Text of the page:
This is huge. I mean, this is really, really huge, and I am so incredibly excited for it. They are my favorite people. They are my friends who keep me company during sick days at home or nights when I don’t want to go dancing, when all I want to do is stay in with a bowl of ice cream and learn from their lessons of relationships, drama, crime and love. They never let me down.

Finally, after decades of under-appreciation, they are being recognized by our generation of moviegoers who don’t seem to understand their films. Really, kids these days don’t even try to get to know the people and the movies that have made the industry what it is today.

The funny part is, they are always around. You can catch them at any time, day or night. They even work holidays. So inevitably, you know them. You may not always choose to click on their channel on a Friday night like more than 80 million other homes do, but you’ve seen them. Personally, I am a big fan of black and white films starring the heavy hitters like Monroe, Van Dyke, Bergman. These are the real stars who have defined Hollywood as we know it, and they are my friends-on-demand.

Turner Classic Movies (TCM) is a Peabody Award-winning network that, for 15 years, has presented great films, uncut and commercial-free. The first-ever TCM Classic Film Festival is being held this week in the heart of Hollywood at such historic venues as Grauman’s Chinese Theatre and the Egyptian Theatre. The Hollywood Roosevelt Hotel, the site of the first Oscar ceremony, acts as the official hotel for the festival and venue for fest pass holders.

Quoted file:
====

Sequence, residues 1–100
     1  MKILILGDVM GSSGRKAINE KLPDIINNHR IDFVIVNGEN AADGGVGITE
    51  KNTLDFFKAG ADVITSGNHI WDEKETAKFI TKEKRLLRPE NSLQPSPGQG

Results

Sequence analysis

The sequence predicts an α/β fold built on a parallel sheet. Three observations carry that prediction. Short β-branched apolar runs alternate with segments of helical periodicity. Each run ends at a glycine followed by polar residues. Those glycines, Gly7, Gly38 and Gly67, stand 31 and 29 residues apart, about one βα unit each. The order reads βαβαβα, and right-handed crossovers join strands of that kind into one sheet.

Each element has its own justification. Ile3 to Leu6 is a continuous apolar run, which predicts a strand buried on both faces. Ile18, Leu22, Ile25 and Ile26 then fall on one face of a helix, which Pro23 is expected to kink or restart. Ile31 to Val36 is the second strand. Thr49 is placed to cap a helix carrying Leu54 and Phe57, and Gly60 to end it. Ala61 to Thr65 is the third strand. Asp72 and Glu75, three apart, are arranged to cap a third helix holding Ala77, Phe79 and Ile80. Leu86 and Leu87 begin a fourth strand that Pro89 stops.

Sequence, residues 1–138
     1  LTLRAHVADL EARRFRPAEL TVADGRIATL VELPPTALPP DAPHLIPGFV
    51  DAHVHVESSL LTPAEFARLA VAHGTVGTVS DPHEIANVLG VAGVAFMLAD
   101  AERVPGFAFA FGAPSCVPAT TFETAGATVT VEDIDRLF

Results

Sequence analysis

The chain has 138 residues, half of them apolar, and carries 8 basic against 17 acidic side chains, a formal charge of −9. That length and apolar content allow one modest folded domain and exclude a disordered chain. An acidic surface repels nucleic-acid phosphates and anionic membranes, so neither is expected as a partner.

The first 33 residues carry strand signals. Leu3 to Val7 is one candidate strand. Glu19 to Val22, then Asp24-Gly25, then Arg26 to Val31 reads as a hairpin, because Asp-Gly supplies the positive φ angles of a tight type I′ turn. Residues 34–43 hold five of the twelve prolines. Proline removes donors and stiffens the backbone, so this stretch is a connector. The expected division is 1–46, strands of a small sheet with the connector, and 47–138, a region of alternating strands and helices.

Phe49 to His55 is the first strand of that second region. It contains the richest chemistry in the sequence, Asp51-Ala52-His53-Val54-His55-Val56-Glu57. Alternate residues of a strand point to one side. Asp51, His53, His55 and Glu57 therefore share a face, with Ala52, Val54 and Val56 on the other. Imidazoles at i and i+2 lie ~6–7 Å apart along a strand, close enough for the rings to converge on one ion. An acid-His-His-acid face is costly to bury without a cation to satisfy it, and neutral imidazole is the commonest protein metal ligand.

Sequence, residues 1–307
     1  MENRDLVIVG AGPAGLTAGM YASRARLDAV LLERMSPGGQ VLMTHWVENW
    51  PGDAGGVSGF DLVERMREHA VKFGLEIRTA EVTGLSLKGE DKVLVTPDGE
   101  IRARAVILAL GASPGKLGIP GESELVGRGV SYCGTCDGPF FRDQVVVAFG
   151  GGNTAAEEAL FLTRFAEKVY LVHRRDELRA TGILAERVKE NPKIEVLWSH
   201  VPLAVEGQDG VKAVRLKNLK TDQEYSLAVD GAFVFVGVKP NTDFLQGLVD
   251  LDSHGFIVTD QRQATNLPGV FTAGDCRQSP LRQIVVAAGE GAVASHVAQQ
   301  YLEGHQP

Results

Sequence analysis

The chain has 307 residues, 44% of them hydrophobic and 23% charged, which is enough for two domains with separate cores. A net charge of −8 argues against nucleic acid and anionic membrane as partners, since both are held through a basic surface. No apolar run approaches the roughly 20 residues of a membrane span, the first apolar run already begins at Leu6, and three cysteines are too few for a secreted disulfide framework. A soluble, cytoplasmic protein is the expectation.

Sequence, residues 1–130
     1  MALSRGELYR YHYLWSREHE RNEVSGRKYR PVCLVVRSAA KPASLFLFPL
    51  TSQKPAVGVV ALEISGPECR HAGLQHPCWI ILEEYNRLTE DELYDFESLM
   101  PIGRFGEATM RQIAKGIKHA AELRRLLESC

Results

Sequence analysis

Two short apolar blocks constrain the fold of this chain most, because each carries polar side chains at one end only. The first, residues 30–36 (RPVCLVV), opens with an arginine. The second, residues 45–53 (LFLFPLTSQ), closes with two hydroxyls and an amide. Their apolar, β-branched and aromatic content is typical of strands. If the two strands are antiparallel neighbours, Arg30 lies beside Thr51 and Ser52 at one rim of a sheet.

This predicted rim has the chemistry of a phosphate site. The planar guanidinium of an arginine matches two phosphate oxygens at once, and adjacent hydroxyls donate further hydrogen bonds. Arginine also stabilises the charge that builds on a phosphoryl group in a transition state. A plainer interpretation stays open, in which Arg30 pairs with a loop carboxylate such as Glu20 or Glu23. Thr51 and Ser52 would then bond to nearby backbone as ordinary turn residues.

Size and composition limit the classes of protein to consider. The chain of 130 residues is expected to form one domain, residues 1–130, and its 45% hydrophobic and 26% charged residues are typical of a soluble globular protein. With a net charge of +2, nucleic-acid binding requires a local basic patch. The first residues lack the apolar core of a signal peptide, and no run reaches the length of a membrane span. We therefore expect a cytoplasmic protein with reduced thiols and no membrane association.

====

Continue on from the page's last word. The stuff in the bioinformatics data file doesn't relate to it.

The festival also features celebrity appearances by actors, actresses, directors, producers and other important figures, screenings of classic movies and major events designed for classic movie lovers. Already slated to make an appearance at the festival are Mel Brooks, Jerry Lewis, Tony Curtis and Jon Voight, to name a few.

More than 50 films in all are going to be screened. Many have special introductions to provide context about the film. TCM’s primetime host Robert Osborne is the official host of the festival. TCM also partners with Vanity Fair Magazine – which created the Penguin book, Vanity Fair’s Tales of Hollywood – to bring the book to life. Writers from the magazine, actors and filmmakers reveal behind-the-scenes stories of many of Hollywood’s greatest films.

The network also provides a sneak peek into its most ambitious original programming yet. Moguls and Movie Stars is a documentary about the origins of the Hollywood film industry and is set to premiere on TCM in the fall.

Just a few of the films I love that are going to be screened are Metropolis (1927), featuring previously lost footage. This is a classic directed by renowned moviemaker Fritz Lang, and you can’t call yourself a film lover if you haven’t seen it. The Producers (1968) is also to be screened with a discussion with writer/director Mel Brooks, who receives a star on the Hollywood Walk of Fame during the festival.

Stanley Kubrick’s 2001: A Space Odyssey (1968) and Cleopatra (1963) are going to be shown in 70mm widescreen. The TCM Classic Film festival also has slated restored films like Sunnyside Up (1929) and The Big Trail (1930); rare screenings of A Woman’s Face (1940) starring Joan Crawford; and films that are sure crowd pleasers like Hitchcock’s North by Northwest (1959), Some Like It Hot (1959) starring the ever-charming Marilyn Monroe and Doris Day’s Pillow Talk (1959). Of course, it wouldn’t be a film festival dedicated to classic movies without an appearance by one of the most beloved films of all time, Casablanca (1942).

If you missed the Gene Kelly event I mentioned a few weeks ago, you are blessed with another opportunity to catch a screening of Singin’ in the Rain (1952), which is going to be introduced by Kelly’s co-director Stanley Donen.

Branch out a little, and try something old.

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